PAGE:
Negotiated contracts on single-family homes in February 2011 were down about 24% from the year-previous monthly tally. We thought the market felt slow, and the numbers definitely support our anecdotal evidence.
Activity levels varied widely between towns. Avon came out of the month as the big winner with a sharp increase in contracts. At the other end of the spectrum, Enfield and Southington finished with less than half the market activity of last year.
The year-over-year comparisons are fun and dramatic, but we’re obligated to point out that it’s not an apples-to-apples sort of thing. Last year was different than “normal.” The Federal Home Buyer Tax Credit pulled the whole spring market forward into the first four months of the year (See the “Contracts Written by Month” chart at the bottom of this article). This year is more typical, with both buyers and sellers beginning to get into the real estate frame of mind over the President’s Day weekend.
The big story we see right now is low inventory levels. We are having trouble finding interesting homes to show our buyer clients. It’s an especially big problem in two of the markets we spend a lot of time in, Hartford’s West End and West Hartford. Owners out there considering a sale should seriously consider getting their home on the market. Call your trusted agent (preferably us) to get the process started.
The chart of towns is sorted by inventory levels this month. Newington retook the “Most Favorable Market for Sellers” crown after briefly ceding it to West Hartford. Hartland is disqualified because they only had 13 deals come together over the past 12 months, and only has 3 active listings right now. Nothing against Hartland, it’s just not an active enough market to take the stats too seriously.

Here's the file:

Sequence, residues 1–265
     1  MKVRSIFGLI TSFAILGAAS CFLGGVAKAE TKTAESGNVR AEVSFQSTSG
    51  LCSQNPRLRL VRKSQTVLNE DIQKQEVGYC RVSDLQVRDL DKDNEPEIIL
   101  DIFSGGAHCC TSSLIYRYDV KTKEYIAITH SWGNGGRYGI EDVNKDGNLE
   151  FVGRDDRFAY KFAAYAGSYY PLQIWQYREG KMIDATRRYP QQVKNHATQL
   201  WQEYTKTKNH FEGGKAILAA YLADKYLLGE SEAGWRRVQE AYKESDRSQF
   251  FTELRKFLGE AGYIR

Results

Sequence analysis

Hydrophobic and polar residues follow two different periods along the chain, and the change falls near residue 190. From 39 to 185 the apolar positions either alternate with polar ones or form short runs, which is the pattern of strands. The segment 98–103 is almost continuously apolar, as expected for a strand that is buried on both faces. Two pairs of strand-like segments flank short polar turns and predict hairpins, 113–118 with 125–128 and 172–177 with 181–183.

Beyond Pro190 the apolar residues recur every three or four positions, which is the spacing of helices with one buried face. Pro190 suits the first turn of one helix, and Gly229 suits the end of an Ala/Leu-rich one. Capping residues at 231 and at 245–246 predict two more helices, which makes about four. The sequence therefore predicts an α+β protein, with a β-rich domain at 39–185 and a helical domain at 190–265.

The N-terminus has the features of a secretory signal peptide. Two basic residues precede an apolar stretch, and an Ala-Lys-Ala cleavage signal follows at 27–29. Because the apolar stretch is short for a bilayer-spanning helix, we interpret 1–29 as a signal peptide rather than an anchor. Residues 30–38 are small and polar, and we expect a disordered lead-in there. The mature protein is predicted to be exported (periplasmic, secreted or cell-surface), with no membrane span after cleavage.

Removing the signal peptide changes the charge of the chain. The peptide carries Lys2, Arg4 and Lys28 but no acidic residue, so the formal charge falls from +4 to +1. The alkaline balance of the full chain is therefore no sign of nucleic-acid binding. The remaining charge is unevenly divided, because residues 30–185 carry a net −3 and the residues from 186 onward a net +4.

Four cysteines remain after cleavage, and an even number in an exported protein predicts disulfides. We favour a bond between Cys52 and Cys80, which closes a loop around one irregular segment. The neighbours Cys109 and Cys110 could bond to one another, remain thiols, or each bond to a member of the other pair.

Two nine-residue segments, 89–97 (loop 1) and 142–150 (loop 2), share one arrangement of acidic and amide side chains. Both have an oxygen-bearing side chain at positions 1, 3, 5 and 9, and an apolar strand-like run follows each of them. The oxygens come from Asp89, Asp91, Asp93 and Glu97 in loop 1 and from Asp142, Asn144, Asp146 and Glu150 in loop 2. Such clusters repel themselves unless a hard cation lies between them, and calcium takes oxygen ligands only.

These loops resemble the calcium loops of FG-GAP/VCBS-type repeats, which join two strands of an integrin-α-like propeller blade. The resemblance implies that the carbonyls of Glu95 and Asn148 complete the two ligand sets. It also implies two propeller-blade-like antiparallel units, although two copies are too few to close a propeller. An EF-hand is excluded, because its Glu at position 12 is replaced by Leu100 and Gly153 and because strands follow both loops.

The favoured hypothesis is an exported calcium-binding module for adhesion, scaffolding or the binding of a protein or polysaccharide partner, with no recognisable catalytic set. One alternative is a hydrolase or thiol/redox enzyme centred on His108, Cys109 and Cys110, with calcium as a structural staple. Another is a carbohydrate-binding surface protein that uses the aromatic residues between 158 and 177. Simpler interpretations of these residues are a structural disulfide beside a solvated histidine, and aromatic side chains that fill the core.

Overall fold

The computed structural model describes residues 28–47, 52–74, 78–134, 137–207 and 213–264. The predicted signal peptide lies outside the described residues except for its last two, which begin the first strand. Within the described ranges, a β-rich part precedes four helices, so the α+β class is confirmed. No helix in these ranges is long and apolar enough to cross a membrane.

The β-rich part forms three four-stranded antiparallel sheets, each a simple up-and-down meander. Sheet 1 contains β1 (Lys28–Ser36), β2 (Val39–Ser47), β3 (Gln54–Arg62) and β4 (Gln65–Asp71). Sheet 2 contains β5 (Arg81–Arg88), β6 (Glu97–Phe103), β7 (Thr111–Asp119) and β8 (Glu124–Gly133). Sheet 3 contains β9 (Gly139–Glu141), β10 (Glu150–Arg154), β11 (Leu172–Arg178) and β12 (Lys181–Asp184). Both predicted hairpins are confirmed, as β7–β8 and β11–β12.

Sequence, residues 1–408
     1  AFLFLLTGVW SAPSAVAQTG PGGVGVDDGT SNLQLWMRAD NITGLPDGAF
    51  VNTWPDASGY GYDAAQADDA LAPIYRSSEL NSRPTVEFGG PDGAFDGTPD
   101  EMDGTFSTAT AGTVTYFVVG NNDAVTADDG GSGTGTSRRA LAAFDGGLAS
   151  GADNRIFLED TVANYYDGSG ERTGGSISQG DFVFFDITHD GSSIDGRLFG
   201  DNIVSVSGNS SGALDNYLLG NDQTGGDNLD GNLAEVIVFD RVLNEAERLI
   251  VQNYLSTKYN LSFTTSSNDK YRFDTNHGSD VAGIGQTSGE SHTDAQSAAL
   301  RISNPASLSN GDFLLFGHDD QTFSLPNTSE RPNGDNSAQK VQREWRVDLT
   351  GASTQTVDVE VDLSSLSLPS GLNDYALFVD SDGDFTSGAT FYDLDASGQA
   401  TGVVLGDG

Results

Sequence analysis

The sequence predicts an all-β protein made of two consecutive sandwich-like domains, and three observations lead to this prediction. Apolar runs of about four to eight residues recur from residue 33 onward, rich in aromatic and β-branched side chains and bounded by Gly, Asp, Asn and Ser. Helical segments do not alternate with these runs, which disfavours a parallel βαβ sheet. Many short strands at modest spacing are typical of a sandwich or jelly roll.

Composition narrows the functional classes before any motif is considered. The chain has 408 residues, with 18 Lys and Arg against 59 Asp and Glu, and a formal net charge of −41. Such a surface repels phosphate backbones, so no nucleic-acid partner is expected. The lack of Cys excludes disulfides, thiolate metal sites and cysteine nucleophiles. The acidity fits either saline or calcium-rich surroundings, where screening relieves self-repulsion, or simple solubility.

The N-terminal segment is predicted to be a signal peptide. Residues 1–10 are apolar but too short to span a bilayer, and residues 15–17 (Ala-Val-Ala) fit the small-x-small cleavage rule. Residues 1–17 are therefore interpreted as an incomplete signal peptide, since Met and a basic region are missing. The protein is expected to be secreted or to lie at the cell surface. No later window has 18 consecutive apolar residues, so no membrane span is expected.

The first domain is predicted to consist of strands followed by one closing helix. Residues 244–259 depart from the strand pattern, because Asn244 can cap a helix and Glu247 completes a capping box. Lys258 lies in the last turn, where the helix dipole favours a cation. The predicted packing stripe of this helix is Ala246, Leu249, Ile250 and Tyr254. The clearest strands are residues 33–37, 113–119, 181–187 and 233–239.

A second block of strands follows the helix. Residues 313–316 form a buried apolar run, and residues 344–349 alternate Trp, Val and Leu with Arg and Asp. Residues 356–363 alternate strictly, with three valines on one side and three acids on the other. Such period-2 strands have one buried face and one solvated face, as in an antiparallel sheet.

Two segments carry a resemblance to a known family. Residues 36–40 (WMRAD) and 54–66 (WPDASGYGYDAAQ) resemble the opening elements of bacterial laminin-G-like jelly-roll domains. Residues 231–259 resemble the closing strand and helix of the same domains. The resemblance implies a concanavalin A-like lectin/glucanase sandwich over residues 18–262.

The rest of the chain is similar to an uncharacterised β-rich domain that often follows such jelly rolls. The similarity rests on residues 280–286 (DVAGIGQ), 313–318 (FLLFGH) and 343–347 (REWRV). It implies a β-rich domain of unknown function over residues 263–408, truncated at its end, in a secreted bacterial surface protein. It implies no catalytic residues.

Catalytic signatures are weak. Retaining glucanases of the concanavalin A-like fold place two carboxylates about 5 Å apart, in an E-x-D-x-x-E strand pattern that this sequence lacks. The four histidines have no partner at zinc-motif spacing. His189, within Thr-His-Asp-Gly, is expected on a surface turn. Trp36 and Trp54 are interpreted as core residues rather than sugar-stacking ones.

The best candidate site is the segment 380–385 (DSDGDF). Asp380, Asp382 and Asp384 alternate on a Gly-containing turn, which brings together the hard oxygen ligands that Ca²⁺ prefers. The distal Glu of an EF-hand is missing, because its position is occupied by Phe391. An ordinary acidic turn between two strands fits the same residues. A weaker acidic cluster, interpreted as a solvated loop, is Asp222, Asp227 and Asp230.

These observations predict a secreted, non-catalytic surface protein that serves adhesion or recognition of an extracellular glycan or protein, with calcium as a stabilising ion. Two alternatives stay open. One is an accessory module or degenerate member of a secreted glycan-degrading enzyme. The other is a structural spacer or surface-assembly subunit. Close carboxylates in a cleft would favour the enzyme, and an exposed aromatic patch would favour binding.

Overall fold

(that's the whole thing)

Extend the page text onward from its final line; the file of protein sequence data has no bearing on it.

After looking at the chart some more, it’s clear that there are plenty of houses for sale. Most of the towns have 6 to 9 months of inventory. The general rule of thumb is that more than 6 months of inventory is a buyer’s market.
I can think of two reasons why the inventory data isn’t completely matching up with what we’re seeing in the market. One is that everyone’s buyers seem to be looking for the same basic house. The other reason is that many of the available properties have been on the market for months or, in some cases, years. Buyers have seen these homes and ruled them out for one reason or another. Combine these two factors and we have a situation where there are bidding wars on hot new listings that come on the market. Perhaps not at the same price levels as we saw in 2007, but there is strong demand.
Still on the fence about whether or not to sell? Give us a call and we’ll be happy to sit down and talk through your specific situation. The buyers are out there, but the market needs sellers too.